The truth is that, as Tunisia and Egypt have discovered, it is exceedingly difficult to bring about a transition from an autocratic, highly centralised, one-party system to anything resembling democratic pluralism. In Tunisia, no fewer than 90 political parties are planning to contest next October’s elections in conditions of great confusion.
In Syria — and for that matter in most Arab countries — there is no experience of free elections, no real political parties, no free trade unions, no state or civil society institutions, no separation of powers, no independent judiciary, little real political education. The Syrian parliament is a farce. And, as in Egypt and Tunisia, the problem of how to integrate Islamic movements into a democratic political system remains a puzzle.
Egypt’s Muslim Brotherhood — renamed the Freedom and Justice Party in preparation for the elections — and Tunisia’s Al Nahda tend to frighten the western-educated middle and upper classes. That is why many worried secularists across the region look to Turkey as an inspiring model because Recep Tayyip Erdogan’s AKP has proved that Islam is compatible with democracy.
In Syria, everything will have to be rebuilt from the ground up — including the ideology of the state. The old slogans of anti-colonialism, Arab unity and Arab nationalism, Baathism, radical Islamism, Arabism itself, all will need to be rethought and redefined for the political challenge ahead.
Since the task is so vast, and since any viable transition must inevitably take time, some observers have come to the view that a dialogue between the regime and the opposition is the safest way forward. Creating a new political system is not the only problem. Equally urgent is tackling the huge social and economic problems with which countries like Syria are faced: an exploding population, rampant youth unemployment, an impoverished middle class and a semi-destitute working class, a soaring cost of living, policies of economic liberalisation which have gone wrong and benefited only a tiny and corrupt elite; the neglect of workers’ rights whether on the land or in shops and factories. Syria needs a new social contract.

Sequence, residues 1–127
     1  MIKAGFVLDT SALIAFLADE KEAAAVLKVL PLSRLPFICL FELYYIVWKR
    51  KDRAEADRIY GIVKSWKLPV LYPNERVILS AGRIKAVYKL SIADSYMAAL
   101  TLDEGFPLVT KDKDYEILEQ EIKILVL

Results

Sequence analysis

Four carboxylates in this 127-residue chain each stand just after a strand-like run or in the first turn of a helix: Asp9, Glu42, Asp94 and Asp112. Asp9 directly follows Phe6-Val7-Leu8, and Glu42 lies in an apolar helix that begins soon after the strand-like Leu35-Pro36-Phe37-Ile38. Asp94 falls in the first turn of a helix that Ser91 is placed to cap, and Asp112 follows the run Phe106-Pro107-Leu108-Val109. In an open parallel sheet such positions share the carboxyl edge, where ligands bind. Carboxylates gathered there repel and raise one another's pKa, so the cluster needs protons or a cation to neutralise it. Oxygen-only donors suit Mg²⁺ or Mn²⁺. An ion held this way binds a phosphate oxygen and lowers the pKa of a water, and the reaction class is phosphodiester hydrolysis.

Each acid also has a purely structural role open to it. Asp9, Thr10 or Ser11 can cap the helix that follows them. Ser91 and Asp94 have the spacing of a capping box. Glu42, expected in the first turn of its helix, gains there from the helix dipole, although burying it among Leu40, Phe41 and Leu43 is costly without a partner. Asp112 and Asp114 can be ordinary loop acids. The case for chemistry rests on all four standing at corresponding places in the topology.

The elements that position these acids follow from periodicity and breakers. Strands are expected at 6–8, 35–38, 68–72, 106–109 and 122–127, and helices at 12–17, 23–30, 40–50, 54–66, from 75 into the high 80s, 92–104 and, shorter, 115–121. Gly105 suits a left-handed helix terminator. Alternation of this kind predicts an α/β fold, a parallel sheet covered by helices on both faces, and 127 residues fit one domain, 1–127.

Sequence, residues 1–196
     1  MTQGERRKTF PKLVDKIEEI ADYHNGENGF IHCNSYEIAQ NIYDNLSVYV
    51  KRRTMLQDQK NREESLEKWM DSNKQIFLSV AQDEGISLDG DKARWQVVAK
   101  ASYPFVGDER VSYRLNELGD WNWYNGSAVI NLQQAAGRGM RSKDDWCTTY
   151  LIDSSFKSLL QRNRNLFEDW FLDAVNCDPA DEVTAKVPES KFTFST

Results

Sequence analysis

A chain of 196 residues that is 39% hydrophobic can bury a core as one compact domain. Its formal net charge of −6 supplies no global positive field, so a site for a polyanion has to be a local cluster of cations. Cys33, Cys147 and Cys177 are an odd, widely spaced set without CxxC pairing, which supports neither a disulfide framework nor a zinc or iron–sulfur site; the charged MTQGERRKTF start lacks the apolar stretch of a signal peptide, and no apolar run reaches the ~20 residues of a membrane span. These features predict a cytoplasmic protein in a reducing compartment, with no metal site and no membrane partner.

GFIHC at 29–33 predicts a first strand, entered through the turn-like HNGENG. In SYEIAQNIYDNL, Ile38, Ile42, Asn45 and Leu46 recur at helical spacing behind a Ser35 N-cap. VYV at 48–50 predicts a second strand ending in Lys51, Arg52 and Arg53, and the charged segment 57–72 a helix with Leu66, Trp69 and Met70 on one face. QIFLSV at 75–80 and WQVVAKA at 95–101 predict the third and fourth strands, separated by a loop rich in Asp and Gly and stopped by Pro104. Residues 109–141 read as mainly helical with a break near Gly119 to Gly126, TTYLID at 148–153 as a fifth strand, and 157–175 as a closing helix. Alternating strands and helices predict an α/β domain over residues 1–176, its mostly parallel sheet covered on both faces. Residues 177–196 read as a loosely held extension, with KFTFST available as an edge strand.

The rich monarchies of the Gulf can spend their way out of trouble. Saudi Arabia, for example, has announced plans to spend $70billion (Dh257billion) on low-cost housing. Syria, with about the same size of population, can only dream of such figures. If the Syrian economy is not to collapse, it will no doubt need bailing out. Iran may have to come to the rescue.
No one should suppose that the Syrian regime will go down without a fight. Most regimes seek to destroy their enemies. China had its Tiananmen Square massacre and Russia its bitter war in Chechnya. Iran crushed the Green movement. In 1982, Israel killed 17,000 people in Lebanon in an attempt to destroy the PLO and install a pro-Israeli vassal in Beirut. The use of live fire is an Israeli speciality, as Lebanon discovered in 2006 (1,600 dead), Gaza in 2008-9 (another 1,400 dead) and the Palestinians for the past 60 years.
When America was attacked on 9/11, that great bastion of democracy invaded Afghanistan, and then Iraq. Hundreds of thousands died. Millions were displaced or forced to flee abroad. Many were tortured. Was it 160 times or 180 times that Khalid Shaikh Mohammad was water-boarded? Syria still plays host to about a million Iraqis, victims of America’s war.
A sectarian civil war on the Iraqi or Lebanese model is every Syrian’s nightmare. There must surely be another way out of the crisis.
Patrick Seale is a commentator and author of several books on Middle East affairs, including Asad of Syria: The Struggle for the Middle East and Abu Nidal: A Gun for Hire.